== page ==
Dispelling Resume Length Rumors
Yet, page length rumors persist.
Job seekers are being misled that recruiters, hiring managers, and HR professionals won’t read a resume that is longer than one page. That’s simply not true.
While most resumes are only read for only seconds when first screened, the first review is simply to determine a match. If the applicant is considered a serious candidate, the resume will be read again – in more detail.
Regardless of length, if the person reading the resume decides you’re not a match for the job, he or she will stop reading it. But if you fit job requirements and share compelling content, that person will want to know more.
When hiring managers and HR professionals are surveyed about resume length, the general consensus is: “as long as needed to convey qualifications”… and not one word more. This means writing ‘lean and clean’ to maintain a reasonable length, while still providing quality content to support decision-making. A fine line.
Here are some guidelines for keeping resume length in check:
- If your resume spills over onto a second or third page for only a few lines, it’s worth editing the text or adjusting the font, margins, and/or line spacing to reduce pages.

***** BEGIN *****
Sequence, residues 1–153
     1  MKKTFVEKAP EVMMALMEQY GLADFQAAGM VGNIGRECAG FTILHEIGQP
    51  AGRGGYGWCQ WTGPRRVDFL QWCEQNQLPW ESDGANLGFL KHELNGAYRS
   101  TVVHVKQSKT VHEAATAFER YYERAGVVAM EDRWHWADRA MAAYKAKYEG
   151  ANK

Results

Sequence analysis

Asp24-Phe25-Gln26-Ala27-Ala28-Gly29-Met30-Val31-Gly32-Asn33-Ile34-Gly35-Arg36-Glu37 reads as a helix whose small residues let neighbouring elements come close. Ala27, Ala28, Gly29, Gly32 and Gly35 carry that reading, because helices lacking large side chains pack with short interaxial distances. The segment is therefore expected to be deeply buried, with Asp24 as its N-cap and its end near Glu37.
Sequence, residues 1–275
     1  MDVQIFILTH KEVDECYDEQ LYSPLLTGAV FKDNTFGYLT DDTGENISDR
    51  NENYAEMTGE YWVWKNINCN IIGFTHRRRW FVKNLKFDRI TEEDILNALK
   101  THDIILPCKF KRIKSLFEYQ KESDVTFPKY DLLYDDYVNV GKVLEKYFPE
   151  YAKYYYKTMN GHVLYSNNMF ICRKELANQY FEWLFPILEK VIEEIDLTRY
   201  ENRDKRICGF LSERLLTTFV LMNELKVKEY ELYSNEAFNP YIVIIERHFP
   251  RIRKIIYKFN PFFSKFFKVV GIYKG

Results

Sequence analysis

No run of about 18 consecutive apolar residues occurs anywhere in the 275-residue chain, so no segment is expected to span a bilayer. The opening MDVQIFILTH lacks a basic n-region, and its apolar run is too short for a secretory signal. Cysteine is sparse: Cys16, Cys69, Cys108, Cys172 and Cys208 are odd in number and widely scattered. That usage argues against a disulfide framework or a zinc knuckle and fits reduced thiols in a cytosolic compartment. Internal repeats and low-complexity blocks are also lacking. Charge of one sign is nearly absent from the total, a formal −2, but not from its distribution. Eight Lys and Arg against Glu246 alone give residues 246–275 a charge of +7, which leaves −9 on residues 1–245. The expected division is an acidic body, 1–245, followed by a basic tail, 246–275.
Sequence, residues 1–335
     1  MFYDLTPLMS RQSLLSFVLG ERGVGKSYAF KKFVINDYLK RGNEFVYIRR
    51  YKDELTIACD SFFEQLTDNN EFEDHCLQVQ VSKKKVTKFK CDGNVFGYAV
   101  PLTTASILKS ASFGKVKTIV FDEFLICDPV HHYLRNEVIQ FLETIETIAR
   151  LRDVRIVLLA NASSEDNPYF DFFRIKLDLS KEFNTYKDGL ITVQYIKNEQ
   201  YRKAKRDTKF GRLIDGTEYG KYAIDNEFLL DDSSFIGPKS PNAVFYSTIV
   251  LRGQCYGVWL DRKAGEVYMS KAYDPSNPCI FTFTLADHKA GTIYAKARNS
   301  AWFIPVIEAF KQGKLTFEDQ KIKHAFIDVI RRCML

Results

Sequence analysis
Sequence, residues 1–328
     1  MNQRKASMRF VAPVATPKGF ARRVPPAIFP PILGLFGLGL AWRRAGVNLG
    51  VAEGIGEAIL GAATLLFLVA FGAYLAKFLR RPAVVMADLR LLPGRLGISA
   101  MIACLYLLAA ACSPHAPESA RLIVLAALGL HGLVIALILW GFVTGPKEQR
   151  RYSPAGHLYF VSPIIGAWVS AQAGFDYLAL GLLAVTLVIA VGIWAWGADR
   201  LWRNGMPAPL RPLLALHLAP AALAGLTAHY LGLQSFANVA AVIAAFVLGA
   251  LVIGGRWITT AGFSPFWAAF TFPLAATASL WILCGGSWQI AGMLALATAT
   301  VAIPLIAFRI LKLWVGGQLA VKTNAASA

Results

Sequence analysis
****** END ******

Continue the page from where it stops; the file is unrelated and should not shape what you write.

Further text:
- Don’t bury key information on the second page. If the first page doesn’t hook the reader, he or she isn’t going to read additional pages.
- Don’t be afraid to go beyond two pages if your experience warrants it. Senior executives often require three pages to convey a robust career. Yet content should still be customized and value-driven.
- Make sure that everything you include — regardless of length — is relevant to your job target and what the hiring manager will want to know about you!? Focus on metrics and achievements; not tasks. This strategy will keep details in check.
- Finally, keep in mind that resumes submitted online or through ATS are less likely to be affected by specific page lengths. That’s because page length is unique to the printed page. Resumes uploaded to company websites or ATS aren’t affected by page limits and sometimes not printed at all.